The Consumer Financial Protection Bureau (CFPB) this month issued a proposal to amend implementation of the Fair Debt Collection Practices Act (FDCPA) aimed at providing consumers with greater protection against harassment by debt collectors.
Since its passage in 1977, the FDCPA established consumer protections meant to eliminate abusive debt collection practices. However, certain interpretive questions about the FDCPA have emerged in recent years, particularly as to technology that did not exist when the FDCPA was first enacted. The CFPB issued this Notice of Proposed Rulemaking (NPRM) to clarify some of those issues.
Essentially, the goal of the currently proposed rule is to provide consumers with even stronger protection from harassment by debt collectors, as well as straightforward options to dispute debts. Among the changes proposed, the rule would set limits on the number of weekly calls debt collectors may place to consumers, clarify how collectors may communicate with debtors, and require them to provide certain additional information to consumers about their debt.
Specifically, the proposed rule would strengthen consumers’ protection against debt collectors in a number of ways. First, it would establish bright-line rules regarding telephone communication by limiting debt collectors to no more than seven weekly attempts to reach a consumer about a debt. Once they reach a consumer, debt collectors could have just one telephone conversation per week with that consumer about the debt. Second, the regulation would clarify consumer protection requirements by requiring debt collectors to send consumers certain disclosures about the debt and related consumer protections. Further, the proposed rule would clarify how debt collectors may communicate with consumers via voicemails, emails and text messages, and how consumers who don’t want to receive such communication can unsubscribe. The proposed regulation would also prohibit debt collectors from suing on debts that it knew or should have known had expired. Finally, debt collectors would be prohibited from reporting consumer debt to an agency before first informing the consumer.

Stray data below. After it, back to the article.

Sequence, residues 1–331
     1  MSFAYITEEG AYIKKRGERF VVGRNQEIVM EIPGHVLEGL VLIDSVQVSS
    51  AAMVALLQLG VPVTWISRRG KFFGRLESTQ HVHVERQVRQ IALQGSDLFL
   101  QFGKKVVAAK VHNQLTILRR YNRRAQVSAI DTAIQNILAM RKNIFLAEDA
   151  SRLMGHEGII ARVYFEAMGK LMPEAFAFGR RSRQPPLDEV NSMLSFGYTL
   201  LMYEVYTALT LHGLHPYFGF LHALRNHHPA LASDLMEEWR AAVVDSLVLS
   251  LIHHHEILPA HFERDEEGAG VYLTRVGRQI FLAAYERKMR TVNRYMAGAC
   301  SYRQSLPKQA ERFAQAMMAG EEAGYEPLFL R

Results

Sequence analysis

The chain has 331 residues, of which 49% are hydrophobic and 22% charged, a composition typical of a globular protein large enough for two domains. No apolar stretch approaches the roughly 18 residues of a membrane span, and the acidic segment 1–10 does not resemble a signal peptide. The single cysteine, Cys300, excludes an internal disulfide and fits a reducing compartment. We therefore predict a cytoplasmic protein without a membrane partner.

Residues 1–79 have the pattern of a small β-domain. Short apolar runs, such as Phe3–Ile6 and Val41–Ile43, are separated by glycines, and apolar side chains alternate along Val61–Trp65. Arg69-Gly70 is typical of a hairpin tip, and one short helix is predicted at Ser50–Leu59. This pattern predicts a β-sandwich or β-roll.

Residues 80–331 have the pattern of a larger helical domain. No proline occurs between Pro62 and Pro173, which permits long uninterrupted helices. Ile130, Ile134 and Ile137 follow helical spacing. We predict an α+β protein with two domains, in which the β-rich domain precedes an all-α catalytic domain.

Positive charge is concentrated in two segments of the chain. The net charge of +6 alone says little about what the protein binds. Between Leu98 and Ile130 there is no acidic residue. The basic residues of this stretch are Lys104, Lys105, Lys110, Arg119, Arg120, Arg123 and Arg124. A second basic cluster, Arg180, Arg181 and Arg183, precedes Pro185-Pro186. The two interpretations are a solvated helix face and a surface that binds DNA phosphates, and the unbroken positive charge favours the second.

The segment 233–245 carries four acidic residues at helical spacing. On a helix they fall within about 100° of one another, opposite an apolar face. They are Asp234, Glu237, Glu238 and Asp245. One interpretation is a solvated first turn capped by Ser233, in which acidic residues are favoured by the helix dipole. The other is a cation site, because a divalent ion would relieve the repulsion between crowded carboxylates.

“The Bureau is taking the next step in the rulemaking process to ensure we have clear rules of the road where consumers know their rights and debt collectors know their limitations,” said CFPB Director Kathleen L. Kraninger. “As the CFPB moves to modernize the legal regime for debt collection, we are keenly interested in hearing all views so that we can develop a final rule that takes into account the feedback received,” she added.
Addressing outdated financial regulations, the CFPB empowers consumers to take control of their economic lives, according to the Bureau’s website. The CFBP’s authority to issue substantive rules interpreting the FDCPA was granted to it by Congress with passage of the Dodd-Frank Act in 2010. The CFBP has proposed the rule in question based primarily on that authority to issue rules implementing the FDCPA.
The CFPB is currently reviewing public comments on the rule prior to issuing a final version. In the meantime, further details about the proposed regulation may be found by reading the text of the proposed rule.
The CFPB stated it has proposed the new rule in response to years of inconsistent court decisions and legal uncertainty regarding the interpretation of the FDCPA. Should the rule be adopted, debt collectors should expect to be subject to much more stringent standards under the FDCPA, as the rule would significantly strengthen the FDCPA.